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"Does this move us forward?" Brooke Boney's response to 'blackface comedies' being deleted.

Streaming services around the world have started pulling movies and comedy off their platforms that are potentially offensive, or portray racism, in the wake of worldwide Black Lives Matter protests. 

Little Britain has been removed from a number of services including BBC iPlayer, and Chris Lilley's controversial comedies and The Mighty Boosh have been taken off Netflix.

But as Today entertainment reporter Brooke Boney explained on Thursday morning, deleting history that dates back centuries is not the answer to our future.

WATCH: Brooke calls out the removal of comedies by streaming services on the Today Show. Post continues after video.

The BBC released a statement overnight explaining they'd removed David Walliams and Matt Lucas' comedy Little Britain from their service because "times have changed" since the show first aired.

Little Britain, which first aired in 2003, has been criticised for its portrayal of black women by white men, with Walliams sporting black makeup and a large afro wig to play the overweight black woman Desiree DeVere.

Matt Lucas and David Walliams in Little Britain. At Mamamia we are choosing not to show the blackface characters in our articles.

Lucas also used blackface to play Pastor Jesse King, who said he was "from the ghetto" and spoke in tongues to cure the sick. He also wore dark makeup to play Jamaican woman Precious, and ground crew employee Taaj, who was of Pakistani descent.

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Lucas has since said he has regrets about Little Britain, describing the comedy as "cruel".

"Now I think it's lazy for white people to get a laugh just by playing black characters. My aim is to entertain, I don't have any other agenda," he told The Big Issue. 

Closer to home, Chris Lilley's depiction of black and brown characters in We Can Be Heroes, Angry Boys, Jonah from Tonga and Summer Heights High have also faced years of criticism.

The four shows, which have now been removed from Netflix amid the Black Lives Matter movement, were originally broadcast on the ABC from 2005-2014. 

In an interview with Fairfax Media, Lilley addressed the backlash Angry Boys received. "I think people who take things out of context might think that it crosses a line. Most people who see it get it and, once you're there in that world, it makes sense". 

What Lilley fails to recognise however, is the years of oppression that make these characters offensive.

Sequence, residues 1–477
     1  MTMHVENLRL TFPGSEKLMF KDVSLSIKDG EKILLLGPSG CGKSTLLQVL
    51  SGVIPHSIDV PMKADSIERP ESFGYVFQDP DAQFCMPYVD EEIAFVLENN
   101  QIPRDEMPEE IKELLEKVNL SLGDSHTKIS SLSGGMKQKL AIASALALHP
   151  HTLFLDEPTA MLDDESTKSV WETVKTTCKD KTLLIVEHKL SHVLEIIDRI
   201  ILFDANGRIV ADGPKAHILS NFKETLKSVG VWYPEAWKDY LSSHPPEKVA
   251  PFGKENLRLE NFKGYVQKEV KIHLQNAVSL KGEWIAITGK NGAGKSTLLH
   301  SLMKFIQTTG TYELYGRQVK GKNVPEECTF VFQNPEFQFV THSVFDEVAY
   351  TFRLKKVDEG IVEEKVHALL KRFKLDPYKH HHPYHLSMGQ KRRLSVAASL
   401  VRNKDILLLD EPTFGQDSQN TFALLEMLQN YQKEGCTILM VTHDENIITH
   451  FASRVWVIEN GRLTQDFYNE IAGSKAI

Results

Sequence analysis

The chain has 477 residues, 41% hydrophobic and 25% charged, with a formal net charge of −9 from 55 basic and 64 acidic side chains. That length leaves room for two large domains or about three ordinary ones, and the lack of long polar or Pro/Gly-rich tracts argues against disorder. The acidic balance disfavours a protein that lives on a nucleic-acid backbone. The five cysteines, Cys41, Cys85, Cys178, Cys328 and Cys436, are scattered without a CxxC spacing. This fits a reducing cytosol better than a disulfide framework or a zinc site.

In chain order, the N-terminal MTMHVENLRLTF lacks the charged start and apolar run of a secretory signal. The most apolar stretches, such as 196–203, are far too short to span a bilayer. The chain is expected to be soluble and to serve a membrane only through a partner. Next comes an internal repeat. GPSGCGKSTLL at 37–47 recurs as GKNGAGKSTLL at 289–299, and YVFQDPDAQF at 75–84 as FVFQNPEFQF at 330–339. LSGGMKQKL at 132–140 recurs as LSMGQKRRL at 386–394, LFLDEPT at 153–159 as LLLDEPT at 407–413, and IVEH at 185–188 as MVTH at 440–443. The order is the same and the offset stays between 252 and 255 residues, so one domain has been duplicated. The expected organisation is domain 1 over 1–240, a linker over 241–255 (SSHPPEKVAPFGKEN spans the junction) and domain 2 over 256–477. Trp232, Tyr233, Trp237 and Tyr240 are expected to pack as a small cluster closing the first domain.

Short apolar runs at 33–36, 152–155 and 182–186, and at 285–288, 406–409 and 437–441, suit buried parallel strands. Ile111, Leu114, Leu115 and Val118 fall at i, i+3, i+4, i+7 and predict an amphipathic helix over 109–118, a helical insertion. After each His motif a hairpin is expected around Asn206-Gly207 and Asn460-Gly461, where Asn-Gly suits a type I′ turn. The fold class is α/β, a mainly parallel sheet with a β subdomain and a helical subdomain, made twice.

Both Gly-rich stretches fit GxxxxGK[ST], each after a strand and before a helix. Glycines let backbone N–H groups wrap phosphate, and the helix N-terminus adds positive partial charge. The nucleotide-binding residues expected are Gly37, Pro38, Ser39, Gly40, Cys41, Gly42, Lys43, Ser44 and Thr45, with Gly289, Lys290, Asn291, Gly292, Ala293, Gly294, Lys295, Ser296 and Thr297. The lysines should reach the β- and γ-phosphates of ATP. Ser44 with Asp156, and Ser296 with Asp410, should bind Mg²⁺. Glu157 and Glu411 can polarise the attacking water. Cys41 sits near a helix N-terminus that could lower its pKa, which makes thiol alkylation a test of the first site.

Ja’mie King was one of the characters played by Lilley in the now removed We Can Be Heroes. At Mamamia we are choosing not to show the blackface characters in our articles. 

It's a stereotype steeped in centuries of racism - and was even written into Shakespeare's plays - but was particularly popular in the United States after the Civil War, as a way to mock and exaggerate people of African descent. 

"Blackface is part of a history of dehumanisation, of denied citizenship, and of efforts to excuse and justify state violence. It is time to stop with the dismissive arguments those that describe these offensive acts as pranks, ignorance and youthful indiscretions. Blackface is never a neutral form of entertainment, but an incredibly loaded site for the production of damaging stereotypes...the same stereotypes that undergird individual and state violence, American racism, and centuries worth of injustice," race studies expert David Leonard explained in 2012 in the Huffington Post.

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In modern day discussions of blackface, the racist history of the phenomenon is often swept under the rug with claims of ignorance.

But as Boney explained this morning on Today, we can't change history, and merely deleting these past discretions is doing nothing for the future of racial inequality.

"There is a problem with representation of people of colour on our screens... we know that. We also now know that blackface is inappropriate, there's no question about that either. But does going back into the archives and tearing down art that's been made in the past really help us move forward?" she said. 

Brooke called out the removal of blackface comedy from streaming services this morning on the Today Show. Image: Nine.

"If I have children, I don't want them to see and to think that's how they fit into the world, but I'd also like to be able to show them how poorly our people were thought of and treated in the past. These things hurt because it feels like these people are punching down. It's easy for them to make fun of people who are on the bottom rung of the ladder in society.

"But if we're going to go back through history and remove things that are inappropriate by modern standards then we need to get rid of all of the movies by Harvey Weinstein, music by Michael Jackson, basically anyone who has done something wrong.

"If these companies truly want to create lasting change - and not just virtue signal in a moment of turmoil - then they need to support new talent and open doors that've been closed to people of colour before," she said. 

"If they truly want to make a difference in the way we tell stories about who we are as a society, then we don't do that by deleting things we've done in the past. We do it by making sure that we don't do it again in the future and being more inclusive and responsible with our storytelling. 

"If you're going to make change, make it meaningful," she concluded. 

Feature image: Today Show/Netflix.  

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